Emil was a reporter for The Next Web between 2012 and 2014. Over the years, he has covered the tech industry for multiple publications, incl Emil was a reporter for The Next Web between 2012 and 2014. Over the years, he has covered the tech industry for multiple publications, including Ars Technica, Neowin, TechSpot, ZDNet, and CNET. Stay in touch via Facebook, Twitter, and Google+.
Google on Tuesday announced a massive update to Google Earth’s tour guide feature for desktop, Android, and iOS. The company has added over 100,000 new tours of popular sites, cities, and places across 200 countries, as well as enhancements to existing tours.
The new tours combine 3D flyovers and Wikipedia snippets for what Google says is a “richer” experience. For the first time, Google has also included a place highlight option and added more than 1 million user-generated Panoramio to further add to your exploration. Each tour ends with a selection of photo thumbnails selected from Panoramio as the best representation of a given place.
Here’s what it looks like on Android:
For those not familiar with tour guide, the feature acts as a local exploration expert suggesting interesting places near the location you’re visiting as you navigate the Earth. In other words, it’s Google’s way of showing you places even if you didn’t know to search for them:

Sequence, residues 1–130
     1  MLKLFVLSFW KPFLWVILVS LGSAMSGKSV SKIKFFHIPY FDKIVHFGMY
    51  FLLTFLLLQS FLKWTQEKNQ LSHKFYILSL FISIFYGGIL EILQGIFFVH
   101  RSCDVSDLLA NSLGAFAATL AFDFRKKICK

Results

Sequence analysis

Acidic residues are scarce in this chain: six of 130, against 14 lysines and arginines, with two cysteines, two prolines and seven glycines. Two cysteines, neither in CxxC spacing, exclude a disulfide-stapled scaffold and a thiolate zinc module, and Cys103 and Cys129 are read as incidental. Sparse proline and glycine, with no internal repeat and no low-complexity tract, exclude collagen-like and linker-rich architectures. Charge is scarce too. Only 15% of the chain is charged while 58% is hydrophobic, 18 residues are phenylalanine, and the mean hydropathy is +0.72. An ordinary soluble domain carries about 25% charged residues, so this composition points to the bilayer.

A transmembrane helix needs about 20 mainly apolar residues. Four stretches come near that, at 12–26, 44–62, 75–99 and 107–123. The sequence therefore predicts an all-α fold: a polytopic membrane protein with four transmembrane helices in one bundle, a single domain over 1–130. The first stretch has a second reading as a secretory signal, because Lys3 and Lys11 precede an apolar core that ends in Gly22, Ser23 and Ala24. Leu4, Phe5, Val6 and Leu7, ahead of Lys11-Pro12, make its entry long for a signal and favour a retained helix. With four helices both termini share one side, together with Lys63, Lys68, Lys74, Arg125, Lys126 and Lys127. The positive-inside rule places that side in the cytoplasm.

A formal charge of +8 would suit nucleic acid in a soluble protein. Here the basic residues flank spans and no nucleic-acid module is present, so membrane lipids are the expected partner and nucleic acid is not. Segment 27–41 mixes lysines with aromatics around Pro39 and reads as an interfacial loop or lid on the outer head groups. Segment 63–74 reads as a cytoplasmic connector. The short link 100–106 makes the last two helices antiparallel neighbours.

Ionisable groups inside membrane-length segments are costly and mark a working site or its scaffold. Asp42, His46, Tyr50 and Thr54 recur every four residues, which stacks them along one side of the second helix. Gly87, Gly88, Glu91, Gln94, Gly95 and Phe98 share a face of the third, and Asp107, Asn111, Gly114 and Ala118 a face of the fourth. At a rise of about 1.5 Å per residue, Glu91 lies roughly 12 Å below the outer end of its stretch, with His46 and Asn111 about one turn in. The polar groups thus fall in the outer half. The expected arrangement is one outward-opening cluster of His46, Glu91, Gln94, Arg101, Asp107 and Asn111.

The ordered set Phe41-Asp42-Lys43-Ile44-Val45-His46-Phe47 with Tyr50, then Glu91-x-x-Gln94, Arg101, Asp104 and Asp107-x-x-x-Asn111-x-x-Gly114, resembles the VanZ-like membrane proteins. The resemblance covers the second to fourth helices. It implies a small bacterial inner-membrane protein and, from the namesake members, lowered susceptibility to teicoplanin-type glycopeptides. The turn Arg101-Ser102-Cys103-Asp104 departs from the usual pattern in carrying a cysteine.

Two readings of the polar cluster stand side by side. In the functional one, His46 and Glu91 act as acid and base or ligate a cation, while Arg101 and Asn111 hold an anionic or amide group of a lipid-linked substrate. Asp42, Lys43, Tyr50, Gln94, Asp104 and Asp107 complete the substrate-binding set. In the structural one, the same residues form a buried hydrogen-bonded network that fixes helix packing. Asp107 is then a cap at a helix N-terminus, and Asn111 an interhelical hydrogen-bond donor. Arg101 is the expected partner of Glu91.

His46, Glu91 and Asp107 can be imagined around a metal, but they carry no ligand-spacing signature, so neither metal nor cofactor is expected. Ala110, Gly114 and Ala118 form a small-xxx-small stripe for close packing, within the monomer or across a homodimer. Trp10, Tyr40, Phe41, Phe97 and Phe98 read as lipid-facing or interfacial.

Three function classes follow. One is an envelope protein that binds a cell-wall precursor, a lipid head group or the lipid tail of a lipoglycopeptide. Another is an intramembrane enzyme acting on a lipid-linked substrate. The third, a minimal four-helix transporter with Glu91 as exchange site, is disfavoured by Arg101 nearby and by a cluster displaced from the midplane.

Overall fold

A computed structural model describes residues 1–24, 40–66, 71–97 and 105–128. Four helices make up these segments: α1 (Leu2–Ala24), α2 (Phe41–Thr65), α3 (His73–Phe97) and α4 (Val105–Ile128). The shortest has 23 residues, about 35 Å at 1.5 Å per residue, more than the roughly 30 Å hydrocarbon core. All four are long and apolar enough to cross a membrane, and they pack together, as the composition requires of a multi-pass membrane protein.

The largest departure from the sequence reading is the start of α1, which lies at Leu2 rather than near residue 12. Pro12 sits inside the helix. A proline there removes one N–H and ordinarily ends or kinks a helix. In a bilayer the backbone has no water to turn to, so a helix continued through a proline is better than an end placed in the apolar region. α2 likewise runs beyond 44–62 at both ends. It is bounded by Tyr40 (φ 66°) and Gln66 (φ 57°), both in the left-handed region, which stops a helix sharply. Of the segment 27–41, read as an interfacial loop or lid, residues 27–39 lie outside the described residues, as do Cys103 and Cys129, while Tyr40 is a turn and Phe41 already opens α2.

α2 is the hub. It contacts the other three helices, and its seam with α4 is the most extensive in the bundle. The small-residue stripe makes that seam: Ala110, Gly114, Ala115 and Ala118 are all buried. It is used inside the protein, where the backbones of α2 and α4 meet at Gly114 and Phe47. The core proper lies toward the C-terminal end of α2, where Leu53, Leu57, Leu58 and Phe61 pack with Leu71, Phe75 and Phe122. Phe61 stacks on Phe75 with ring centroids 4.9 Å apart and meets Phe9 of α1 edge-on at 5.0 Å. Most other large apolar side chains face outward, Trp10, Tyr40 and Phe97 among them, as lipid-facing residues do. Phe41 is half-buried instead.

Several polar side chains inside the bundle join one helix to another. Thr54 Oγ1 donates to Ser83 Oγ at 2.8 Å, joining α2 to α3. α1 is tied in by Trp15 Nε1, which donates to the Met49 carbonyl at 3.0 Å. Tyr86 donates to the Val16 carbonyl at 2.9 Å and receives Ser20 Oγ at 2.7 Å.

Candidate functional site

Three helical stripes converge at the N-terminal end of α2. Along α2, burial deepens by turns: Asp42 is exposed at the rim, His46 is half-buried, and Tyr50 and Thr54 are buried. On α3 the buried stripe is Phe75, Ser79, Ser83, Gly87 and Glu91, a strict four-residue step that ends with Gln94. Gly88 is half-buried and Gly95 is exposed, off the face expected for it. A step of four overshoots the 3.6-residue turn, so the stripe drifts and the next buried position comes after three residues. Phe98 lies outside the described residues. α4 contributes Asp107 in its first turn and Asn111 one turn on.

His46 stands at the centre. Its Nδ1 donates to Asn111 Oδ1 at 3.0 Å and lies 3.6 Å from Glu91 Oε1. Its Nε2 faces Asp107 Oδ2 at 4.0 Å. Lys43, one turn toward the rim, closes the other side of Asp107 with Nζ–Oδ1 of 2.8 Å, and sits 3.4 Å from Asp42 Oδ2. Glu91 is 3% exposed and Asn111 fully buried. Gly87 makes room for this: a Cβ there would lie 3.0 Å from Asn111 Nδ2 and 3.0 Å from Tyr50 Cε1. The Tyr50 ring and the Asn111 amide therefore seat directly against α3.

Thumbnails of available pre-created tours will dynamically update with interesting locations in your current view. Click the thumbnail image to start a tour or to fly to a point of interest. Flying tours are marked with a tour time in the lower righthand corner of the tour thumbnail.
This quick video explains it better:
Tour guide first arrived in Google Earth 7 for desktop back in October. At the time though, it only featured tours for 11,000 sites. Now it has more than 10 times that number.
Not only is the tour guide now available for both desktop and mobile versions of Google Earth 7, but these new tours are available without updating. In other words, if you have the app, you already have the new tours.
See also – Modern Atlantis: Sandy Island shown in marine charts, Google Maps and Earth, doesn’t actually exist
Image credit: Tim & Annette
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